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Hello everyone. Have you come across DDD (domain-driven design)? Once my team lead advised me to study this approach for creating programs. And I began to dive into this topic. So what is it?
The area of knowledge or activity in which an organization or users use a program is a domain. Quite often, subject areas are associated with physical reality. To make a valuable program for users and businesses, it is necessary to use the knowledge related to this particular subject area. This is a critical point. But the breadth and volume of knowledge required can be genuinely indicative. How to deal with this? Models come to the rescue. They are designed to cope with this load. A correctly selected model allows you to concentrate on the problem and simplify the solution of the problem. A domain model is not some drawn diagram, and it is an idea that the graph should reflect.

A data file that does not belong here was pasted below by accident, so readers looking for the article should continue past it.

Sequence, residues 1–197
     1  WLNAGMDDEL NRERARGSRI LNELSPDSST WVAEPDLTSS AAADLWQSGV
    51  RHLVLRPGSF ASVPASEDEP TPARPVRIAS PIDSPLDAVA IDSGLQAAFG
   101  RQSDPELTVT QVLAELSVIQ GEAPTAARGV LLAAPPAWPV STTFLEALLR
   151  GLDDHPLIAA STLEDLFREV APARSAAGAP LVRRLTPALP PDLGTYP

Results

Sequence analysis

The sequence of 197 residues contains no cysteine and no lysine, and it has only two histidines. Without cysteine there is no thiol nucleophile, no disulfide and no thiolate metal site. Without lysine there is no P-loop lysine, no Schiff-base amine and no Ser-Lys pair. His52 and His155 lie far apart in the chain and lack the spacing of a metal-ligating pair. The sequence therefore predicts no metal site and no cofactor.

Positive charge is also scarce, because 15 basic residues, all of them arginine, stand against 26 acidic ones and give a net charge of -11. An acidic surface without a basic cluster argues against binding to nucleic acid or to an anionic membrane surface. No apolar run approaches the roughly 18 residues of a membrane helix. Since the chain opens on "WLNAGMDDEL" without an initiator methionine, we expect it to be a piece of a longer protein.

According to Eric Evans, there are three fundamental ways to choose a model in Domain-Driven Design:
1) The model and architecture of the program mutually determine each other.
2) The model is at the heart of the language spoken by all development team members.
3) The model is distilled knowledge.
Let’s dwell on each method in more detail. The model and the architecture of the program are mutually defining – the close relationship between the model and the software implementation ensures that the analysis done is reflected in the final program. The model underlies the language spoken by all members of the development team – for me, this principle is one of the main ones, and in all my projects, I try to move to a common language within the team. Each team member should start from the model and use the same terminology. A single language allows you to identify inaccuracies and inconsistencies during the application development to show what was chosen/misnamed. A model is distilled knowledge that enables us to convey our way of thinking about a subject. This method can be expressed in the allocation of general concepts and the establishment of connections between them. Further, we will return to these concepts more than once and consider the relationship between them because the correct use of these principles helps create programs with a wide range of capabilities.